NJ’s black bear hunt begins Today
New Jersey's annual black bear hunting season will begin Dec. 8 and continue until Dec. 13. The state has held a black bear hunt every December since 2010.
"The goal is to reduce the number of black bears, particularly in Northwest Jersey, which is our bear country in New Jersey," said Larry Ragonese, director of communications for the New Jersey Department of Environmental Protection (DEP).
Decreasing the black bear population, according to Ragonese, will lower the number of bear and human encounters and reduce livestock kills and house break-ins.
Wildlife biologists with the DEP expect the outcome of this year's hunt to be similar to 2013, when 251 bears were harvested.
Hunting zones will be set up in Passaic, Morris, Somerset, Sussex, Warren and Hunterdon counties, in addition to western Bergen County. The six-day hunt runs 30 minutes before sunrise to 30 minutes after sunset.
Animal rights advocates rallied in Trenton on Dec. 4 to call on New Jersey to ban hunters from baiting bears and to criticize Gov. Chris Christie for allowing the hunt. They claim the hunt isn't necessary, and said if the DEP had more stringent regulations for people living in bear country, such as requiring bear-proof trash cans, bruins would steer clear of humans.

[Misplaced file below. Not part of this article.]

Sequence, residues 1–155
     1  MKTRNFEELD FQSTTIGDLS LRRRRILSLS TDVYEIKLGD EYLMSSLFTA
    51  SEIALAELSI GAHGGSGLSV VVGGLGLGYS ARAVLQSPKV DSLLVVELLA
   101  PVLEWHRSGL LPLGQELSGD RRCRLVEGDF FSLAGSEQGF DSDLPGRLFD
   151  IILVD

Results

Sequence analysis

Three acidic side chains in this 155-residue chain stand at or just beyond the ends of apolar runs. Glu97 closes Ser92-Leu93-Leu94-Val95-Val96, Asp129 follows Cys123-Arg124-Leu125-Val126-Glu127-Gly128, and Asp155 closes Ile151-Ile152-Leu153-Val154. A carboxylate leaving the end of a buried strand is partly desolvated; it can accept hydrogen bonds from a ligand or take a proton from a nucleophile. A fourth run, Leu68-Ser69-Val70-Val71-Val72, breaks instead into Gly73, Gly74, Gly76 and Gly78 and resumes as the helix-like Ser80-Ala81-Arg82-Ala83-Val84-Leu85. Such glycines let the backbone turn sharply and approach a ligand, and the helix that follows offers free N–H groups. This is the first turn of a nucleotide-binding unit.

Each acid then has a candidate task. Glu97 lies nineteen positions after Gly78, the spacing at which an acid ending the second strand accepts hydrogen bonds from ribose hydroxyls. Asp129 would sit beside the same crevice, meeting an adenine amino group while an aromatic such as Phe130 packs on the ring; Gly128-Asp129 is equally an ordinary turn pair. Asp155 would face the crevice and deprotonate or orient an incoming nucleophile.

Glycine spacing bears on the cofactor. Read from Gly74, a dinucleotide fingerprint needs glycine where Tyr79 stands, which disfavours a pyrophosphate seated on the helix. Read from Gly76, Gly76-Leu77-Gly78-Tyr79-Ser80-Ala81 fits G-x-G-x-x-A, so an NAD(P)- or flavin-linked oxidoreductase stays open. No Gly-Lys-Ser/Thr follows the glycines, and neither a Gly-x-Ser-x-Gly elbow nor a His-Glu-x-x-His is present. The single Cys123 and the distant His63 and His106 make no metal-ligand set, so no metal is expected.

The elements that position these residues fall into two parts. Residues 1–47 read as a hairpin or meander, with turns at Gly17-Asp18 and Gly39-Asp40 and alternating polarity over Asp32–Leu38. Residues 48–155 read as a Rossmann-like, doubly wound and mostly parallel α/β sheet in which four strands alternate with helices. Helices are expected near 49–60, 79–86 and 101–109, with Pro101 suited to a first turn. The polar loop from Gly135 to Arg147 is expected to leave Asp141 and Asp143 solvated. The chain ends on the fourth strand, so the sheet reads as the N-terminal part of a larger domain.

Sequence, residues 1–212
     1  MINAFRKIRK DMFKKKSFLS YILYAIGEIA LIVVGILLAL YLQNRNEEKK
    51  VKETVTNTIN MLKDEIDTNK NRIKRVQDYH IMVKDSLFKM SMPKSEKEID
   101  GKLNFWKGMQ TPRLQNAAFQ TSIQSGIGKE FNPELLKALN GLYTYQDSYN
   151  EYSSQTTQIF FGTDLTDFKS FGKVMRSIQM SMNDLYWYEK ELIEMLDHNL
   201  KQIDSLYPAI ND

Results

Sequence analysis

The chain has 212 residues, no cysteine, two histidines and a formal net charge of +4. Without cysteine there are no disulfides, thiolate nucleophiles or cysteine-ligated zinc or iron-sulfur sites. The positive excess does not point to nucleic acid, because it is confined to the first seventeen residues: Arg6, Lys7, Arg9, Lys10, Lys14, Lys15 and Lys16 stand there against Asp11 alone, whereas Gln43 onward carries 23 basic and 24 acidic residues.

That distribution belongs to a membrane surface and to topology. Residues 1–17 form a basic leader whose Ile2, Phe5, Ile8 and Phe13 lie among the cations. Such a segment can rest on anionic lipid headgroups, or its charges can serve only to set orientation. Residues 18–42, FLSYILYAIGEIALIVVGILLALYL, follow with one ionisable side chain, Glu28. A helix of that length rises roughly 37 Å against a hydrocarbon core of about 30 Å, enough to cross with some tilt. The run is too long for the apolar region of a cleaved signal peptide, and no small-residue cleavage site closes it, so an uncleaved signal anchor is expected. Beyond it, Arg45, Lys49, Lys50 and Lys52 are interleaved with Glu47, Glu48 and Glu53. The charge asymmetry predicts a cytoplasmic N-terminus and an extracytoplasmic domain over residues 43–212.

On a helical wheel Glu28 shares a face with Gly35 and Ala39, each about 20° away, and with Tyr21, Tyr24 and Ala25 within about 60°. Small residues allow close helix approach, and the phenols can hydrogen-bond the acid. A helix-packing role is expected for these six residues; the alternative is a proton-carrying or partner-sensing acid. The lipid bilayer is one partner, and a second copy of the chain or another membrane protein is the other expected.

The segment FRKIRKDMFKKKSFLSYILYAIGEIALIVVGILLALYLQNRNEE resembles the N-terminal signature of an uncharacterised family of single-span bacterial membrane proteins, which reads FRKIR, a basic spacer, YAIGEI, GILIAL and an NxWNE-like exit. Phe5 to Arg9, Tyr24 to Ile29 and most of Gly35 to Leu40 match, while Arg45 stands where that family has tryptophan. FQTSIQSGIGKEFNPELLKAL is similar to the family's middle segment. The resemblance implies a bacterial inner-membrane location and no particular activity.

But the DEP disagrees.
"The hunt is necessary, because we have an obligation to manage our ecosystem here in New Jersey, whether it be bear or white-tailed deer or any other creature that would put it out of balance- our job here is to manage it. That's our job as adults here," Ragonese said.
Bears can be found in all 21 counties in New Jersey, but Ragonese said they don't know what the total population is. Some estimates from the DEP show approximately 2,200 to 2,500 black bears living in the hunting area north of Route 78 and west of Route 287. That is down from an estimated 3,400 bears in 2010. There have been black bear sightings in Central and South Jersey, but the number of bears living in these areas remain low.
Only licensed hunters are allowed to participate in the six-day hunt, according to Ragonese. A permit is also necessary to participate in the hunt. The state plans to allocate a maximum of 10,000 hunting permits.
"The bottom line is that some folks would prefer that we take no action on anything to do with animals but that's not realistic. When bears end up in someone's home, when they end up in someone's campsite or killing their livestock, those bears end up being euthanized," Ragonese said.